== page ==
GI Profile

Print Friendly, PDF & Email

Prof Jennie Brand-Miller
In this occasional series, we ask some of the world’s leading GI researchers to tell their story. This month we look at the University of Sydney’s GI Group leader, Prof. Jennie Brand-Miller’story. What follows is an edited version of her Australia Day 2006 speech. Jennie is acknowledged worldwide for her expertise in the area of carbohydrates and health. Since 1981 she and her team have played a key role in establishing the scientific validity, benefits and practicalities of the glycemic index. Jennie is Professor of Human Nutrition at the University of Sydney. She holds a Personal Chair in the Human Nutrition Unit of the School of Molecular and Microbial Biosciences. Her research interests focus on many areas of nutrition – the glycemic index of foods, diet and diabetes, insulin resistance, lactose intolerance and infant nutrition. But Jennie has another story to tell.

Jennie Brand-Miller

‘Eight years ago I was ready to resign from my job and felt like resigning from life. I had worked hard at school, got a scholarship to the University of New South Wales, did a bachelor’s degree and then a PhD and landed my dream job at the age of 25 – a lectureship at the University of Sydney. But not everything was going my way, there were black clouds on the horizon. Slowly but surely, over the course of 25 years, I lost the hearing in both ears. Today I am profoundly deaf. The decline in hearing was an emotionally painful process. I was excruciatingly embarrassed. I dreaded being considered stupid, especially in a world of intellectuals at the university. I learned to avoid difficult hearing situations. Any gathering of people, any meeting, any noisy environment, was stressful. The telephone became a source of great torment. People’s names escaped me and transcribing numbers, addresses and dates became impossible. I gradually lost the ability to enjoy television and movies. Public address announcements were impossible.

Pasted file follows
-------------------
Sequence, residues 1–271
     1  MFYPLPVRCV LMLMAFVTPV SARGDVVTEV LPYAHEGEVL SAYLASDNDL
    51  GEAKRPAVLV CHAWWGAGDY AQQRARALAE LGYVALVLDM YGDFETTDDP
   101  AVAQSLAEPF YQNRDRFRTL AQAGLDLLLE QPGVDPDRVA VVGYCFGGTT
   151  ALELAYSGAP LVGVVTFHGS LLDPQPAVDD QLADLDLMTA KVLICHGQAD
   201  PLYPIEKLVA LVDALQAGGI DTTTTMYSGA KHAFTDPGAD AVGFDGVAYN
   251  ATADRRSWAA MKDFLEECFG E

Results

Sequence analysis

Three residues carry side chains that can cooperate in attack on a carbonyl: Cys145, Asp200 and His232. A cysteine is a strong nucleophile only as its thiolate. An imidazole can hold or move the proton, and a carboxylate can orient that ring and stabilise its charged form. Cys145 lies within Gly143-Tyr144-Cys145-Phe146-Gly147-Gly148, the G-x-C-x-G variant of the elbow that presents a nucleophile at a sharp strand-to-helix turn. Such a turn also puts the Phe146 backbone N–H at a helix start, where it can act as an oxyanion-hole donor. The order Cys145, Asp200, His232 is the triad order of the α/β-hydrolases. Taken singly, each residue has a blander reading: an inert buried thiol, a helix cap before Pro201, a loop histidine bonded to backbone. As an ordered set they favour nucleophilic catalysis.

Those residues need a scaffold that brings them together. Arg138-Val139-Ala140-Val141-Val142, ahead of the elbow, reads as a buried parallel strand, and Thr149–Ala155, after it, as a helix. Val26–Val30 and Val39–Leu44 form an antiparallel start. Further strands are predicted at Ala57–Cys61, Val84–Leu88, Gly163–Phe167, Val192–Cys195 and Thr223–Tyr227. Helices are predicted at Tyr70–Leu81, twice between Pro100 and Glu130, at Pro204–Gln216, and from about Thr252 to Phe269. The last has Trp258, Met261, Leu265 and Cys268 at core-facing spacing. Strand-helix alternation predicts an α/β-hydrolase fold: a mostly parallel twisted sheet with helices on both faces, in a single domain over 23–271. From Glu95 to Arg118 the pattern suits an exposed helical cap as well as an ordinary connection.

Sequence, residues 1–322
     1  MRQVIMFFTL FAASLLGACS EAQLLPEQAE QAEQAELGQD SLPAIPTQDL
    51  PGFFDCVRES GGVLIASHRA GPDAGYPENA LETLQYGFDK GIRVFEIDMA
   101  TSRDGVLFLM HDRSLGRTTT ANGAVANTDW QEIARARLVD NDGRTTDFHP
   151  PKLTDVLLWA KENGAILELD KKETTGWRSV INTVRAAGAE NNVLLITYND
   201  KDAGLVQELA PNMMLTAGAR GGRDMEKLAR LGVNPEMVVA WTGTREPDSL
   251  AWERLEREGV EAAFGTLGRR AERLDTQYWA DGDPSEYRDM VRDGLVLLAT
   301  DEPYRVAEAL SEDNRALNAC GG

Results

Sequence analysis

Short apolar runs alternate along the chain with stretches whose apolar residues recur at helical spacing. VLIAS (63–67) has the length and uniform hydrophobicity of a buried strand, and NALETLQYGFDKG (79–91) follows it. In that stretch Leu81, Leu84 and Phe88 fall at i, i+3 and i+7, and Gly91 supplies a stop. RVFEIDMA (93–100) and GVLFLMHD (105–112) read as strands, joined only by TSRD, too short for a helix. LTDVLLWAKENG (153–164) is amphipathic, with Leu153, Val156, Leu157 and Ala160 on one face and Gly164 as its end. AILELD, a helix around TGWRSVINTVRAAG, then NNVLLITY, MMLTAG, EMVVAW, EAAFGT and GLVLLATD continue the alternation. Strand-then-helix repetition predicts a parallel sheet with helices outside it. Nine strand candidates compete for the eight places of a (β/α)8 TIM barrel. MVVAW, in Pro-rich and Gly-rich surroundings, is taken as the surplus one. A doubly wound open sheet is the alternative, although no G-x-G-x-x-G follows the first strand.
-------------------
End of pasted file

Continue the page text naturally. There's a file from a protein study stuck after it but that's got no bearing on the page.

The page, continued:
But since 1998 my life has done a complete ‘about face’. How come? I was given the gift of hearing – a cochlear implant or bionic ear – something only possible because of the achievements of Professor Graeme Clark. Graeme Clark developed the world first bionic ear from an early prototype to successful commercial venture (go to The cochlear implant was like jump leads to a car with a flat battery. Suddenly I had more confidence, more energy, more self-esteem and I was so proud of the cochlear implant and the fact that it was Australian technology. Instead of being humiliated by my hearing loss, I was suddenly proud of it and I what I could do. I wanted to tell everybody about my bionic ear. And I do.’